Weather Forecast


Twins place struggling Addison Reed on DL

Minnesota Twins relief pitcher Addison Reed (43) delivers the pitch during the ninth inning against the Chicago White Sox at Target Field on June 6, 2018. Jordan Johnson / USA TODAY Sports

MINNEAPOLIS — Addison Reed's prolonged struggles have finally been acknowledged.

The veteran reliever was placed on the 10-day disabled list with right triceps tightness before the series finale against the Kansas City Royals on Wednesday, July 11. Fellow right-hander Alan Busenitz was recalled from Triple-A Rochester.

It's the first career trip to the DL for Reed, who was signed to a two-year, $16.75 million contract in January after pitching in the past three postseasons for the New York Mets and Boston Red Sox.

"It's frustrating as hell knowing I'm not performing anywhere (near) where I should be," Reed said. "There haven't been any (stretches) that have been this frustrating. This is definitely the most frustrating one because there have been some big spots that I've struggled in that made it seem bigger than it was."

Twins manager Paul Molitor said Reed would likely undergo additional tests "just to make sure that's all he's got going on," but Reed expressed confidence he would return as soon as he's eligible on July 21 in Kansas City.

Reed, 29, was hit hard again in Tuesday night's loss to the Royals, giving up three runs in the ninth inning, including a two-run homer to Alex Gordon. That was the fifth homer Reed has allowed in his past 16 outings, dating to late May.

During that stretch of 14⅓ innings, Reed has posted a 9.42 earned run average while allowing 24 hits, six walks and hitting two batters. He has 10 strikeouts in that span but has allowed a .387 batting average, a .451 on-base percentage and a .661 slugging percentage.

There was some element of bad luck as opponents had a .396 batting average on balls in play, but there's been plenty of hard contact too against a 90-91 mph fastball that has lost another tick or two in velocity.

"You pay attention to that as one of the factors," Molitor said. "He's been on a bit of a down trend (in velocity) over the last couple years. To feel healthy enough to throw when it's not coming out quite what you're accustomed to, you want to make sure you do what you can to see if we can get a little bit of that back."

Reed was expected to serve as the primary setup man for 41-year-old closer Fernando Rodney. The arrangement worked well through the first seven weeks or so as Reed posted a 2.36 ERA in his first 25 Twins outings.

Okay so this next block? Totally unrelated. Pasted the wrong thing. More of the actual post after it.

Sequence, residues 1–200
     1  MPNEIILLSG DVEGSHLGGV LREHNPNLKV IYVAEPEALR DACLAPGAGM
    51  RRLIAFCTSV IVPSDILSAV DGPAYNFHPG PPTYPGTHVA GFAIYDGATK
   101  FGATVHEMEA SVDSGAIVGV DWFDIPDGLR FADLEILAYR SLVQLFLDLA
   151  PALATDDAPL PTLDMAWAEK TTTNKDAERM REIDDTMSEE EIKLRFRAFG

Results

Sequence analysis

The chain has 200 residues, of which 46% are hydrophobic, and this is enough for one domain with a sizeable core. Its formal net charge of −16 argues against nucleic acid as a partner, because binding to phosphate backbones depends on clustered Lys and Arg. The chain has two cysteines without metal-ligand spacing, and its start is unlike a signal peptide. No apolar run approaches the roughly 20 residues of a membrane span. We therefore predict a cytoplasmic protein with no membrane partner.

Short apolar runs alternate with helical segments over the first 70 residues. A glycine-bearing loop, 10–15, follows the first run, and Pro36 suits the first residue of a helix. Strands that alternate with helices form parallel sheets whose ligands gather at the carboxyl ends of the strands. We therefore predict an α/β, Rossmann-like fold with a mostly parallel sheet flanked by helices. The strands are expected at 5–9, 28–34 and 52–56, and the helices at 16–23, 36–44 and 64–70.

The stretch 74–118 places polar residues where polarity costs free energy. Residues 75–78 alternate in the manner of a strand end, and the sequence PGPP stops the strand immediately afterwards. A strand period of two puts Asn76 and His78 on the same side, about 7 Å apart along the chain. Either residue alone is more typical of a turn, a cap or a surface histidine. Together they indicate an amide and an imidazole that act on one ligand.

Before getting a week-long break in mid-June, Reed was on pace for a career-high 81 appearances. He subsequently lost his setup role to second-year right-hander Trevor Hildenberger.

"It hasn't been significant," Molitor said. "Just wear and tear of a season and a career. He hasn't complained. He's very prideful of the fact he wants to be a guy that can go out there even when things are maybe not perfect. That's how you develop reputations."

Santana plan

Right-hander Ervin Santana (finger surgery) had his most encouraging rehab start yet on Tuesday night for Double-A Chattanooga, working five walk-free innings while fanning six in Jacksonville, Fla.

Santana touched 92 mph five to 10 times, according to eyewitnesses, and averaged 90 mph with his fastball. Molitor said the fact Santana's velocity "ticked up just a hair" was another good sign as was his efficiency in a 63-pitch outing.

"My hand feels better," Santana told reporters. "Everything is much better now and I have less pain. Everything is going my way."

The next step for Santana is to start on Sunday for Triple-A Rochester at Scranton/Wilkes-Barre. He is not under consideration to start in the majors on Sunday to close out the first half, Molitor said.

Santana's latest 30-day rehab window expires July 29, so he must rejoin the Twins by month's end as he works back from Feb. 6 surgery.


Infielder Ehire Adrianza (hamstring) was scheduled to run the bases Wednesday morning and remains on track to be activated off the 10-day DL on Thursday.

A three-man crew was used after second-base umpire Will Little had to return home to Tennessee when his wife went into labor.